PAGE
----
Git Code Commit (this and all commits back to my last blog post)
Today, I am adding a React JS Redux client and its The Globe In My BucketList Application (TGIMBA) login page.
To achieve this:
- Create Visual Studio 2017 React JS Redux Application
- Restore Nuget Packages, build and run to make sure the stock application works.
- Add needed .csproj projects, add needed links to TgimbaNetCoreWebReactJs.csproj, build and run tests/web application
- Add Login.js to component folder (markup and code)
Another very different thing for me was how to do styling via Cascading Style Sheets (CSS). If you remember, I am not styling any of these pages until the are functionally done. Then, I am hoping, I can create a mobile, desktop and perhaps other views with only CSS. In the previous version of TGIMBA, I had a different code base for desktop and mobile. Since desktop is so last century and who knows what is coming next, I am hoping to see how far I can create different User Interfaces (UI) from one set of views.
Anyways, I centered the login view in the Vanilla/JQuery and Angular 6 Type Script login pages and I wanted to do the same here. Problem is (I am just starting with React JS Redux, so the light bulb will probably turn on after the next couple of pages) that most samples of CSS I have found are embedded with React JS’s render method (one per file it seems). It took a little bit, but I finally figured this out after reading a lot of posts. I got it to work by defining a style and applying it this way (break point and highlighted markup definition above).
- Add login route to App.js and make default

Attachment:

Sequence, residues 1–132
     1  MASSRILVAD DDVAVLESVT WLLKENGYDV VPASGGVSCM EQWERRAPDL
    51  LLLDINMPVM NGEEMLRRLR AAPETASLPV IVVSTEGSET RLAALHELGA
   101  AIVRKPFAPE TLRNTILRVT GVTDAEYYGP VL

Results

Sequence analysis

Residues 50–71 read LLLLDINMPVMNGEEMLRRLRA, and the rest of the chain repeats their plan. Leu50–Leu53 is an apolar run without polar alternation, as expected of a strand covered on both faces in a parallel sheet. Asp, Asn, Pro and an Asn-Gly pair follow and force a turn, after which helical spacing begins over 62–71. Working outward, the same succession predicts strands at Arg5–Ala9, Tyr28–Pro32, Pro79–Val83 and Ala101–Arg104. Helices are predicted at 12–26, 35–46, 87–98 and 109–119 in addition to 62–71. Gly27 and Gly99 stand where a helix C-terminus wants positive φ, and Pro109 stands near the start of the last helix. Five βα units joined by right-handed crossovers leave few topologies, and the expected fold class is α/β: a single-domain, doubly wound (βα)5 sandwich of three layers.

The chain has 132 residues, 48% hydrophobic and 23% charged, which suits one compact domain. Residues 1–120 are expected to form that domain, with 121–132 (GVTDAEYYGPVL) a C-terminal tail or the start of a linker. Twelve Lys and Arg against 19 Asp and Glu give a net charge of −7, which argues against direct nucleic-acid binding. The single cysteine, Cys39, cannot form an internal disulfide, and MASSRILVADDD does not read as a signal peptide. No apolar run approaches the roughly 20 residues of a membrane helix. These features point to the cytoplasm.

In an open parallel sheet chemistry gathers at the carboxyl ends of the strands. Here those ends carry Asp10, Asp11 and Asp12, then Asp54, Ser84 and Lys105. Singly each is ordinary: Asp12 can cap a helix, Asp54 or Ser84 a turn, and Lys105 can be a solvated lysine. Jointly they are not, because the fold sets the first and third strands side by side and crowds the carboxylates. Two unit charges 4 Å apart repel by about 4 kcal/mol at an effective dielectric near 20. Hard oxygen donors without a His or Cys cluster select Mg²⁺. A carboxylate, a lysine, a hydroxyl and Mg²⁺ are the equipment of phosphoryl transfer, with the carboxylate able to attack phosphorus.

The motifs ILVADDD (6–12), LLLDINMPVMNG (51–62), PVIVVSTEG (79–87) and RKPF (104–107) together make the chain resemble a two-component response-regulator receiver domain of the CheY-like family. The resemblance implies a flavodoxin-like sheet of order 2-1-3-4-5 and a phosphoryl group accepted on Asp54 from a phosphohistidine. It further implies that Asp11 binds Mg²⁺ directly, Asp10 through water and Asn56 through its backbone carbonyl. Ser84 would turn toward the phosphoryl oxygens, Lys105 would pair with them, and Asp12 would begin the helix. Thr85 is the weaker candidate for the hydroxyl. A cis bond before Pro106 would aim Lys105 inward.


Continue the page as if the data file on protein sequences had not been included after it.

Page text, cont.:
- Remove navigation list in Layout.js
- Server POST – Calling Redux Store – The ‘Redux’ part of this (as I understand it) is to provide a more uniform method of event handling and interacting with the server. I came to this conclusion after reading a few posts and studying the stock application created by the Visual Studio 2017 Template. For TGIMBA, this call is part of the markup/code combined file.
More specifically, if you notice the method render(). At first, I didn’t pay much attention to this. However, no matter what I did, I could not pass the <input> value to my handler. If I set values on the state, that value was populated and would not change. If I set null, I could enter values, but the variable value in my handler was always null.
I thumped my head on the desk until I came across reference #6. Because (as I understand it) render is called every event, you have to reset the state on every event. This is done with the onChange event. Its a bit of a leap because I think of the onChange event as something you attach to if you need it. Here, it seems like its required.
- Login with bad username/password
- Login with good username/password
Next, I will revive my Selenium project to lay down integration tests. I will add these in parallel with each page.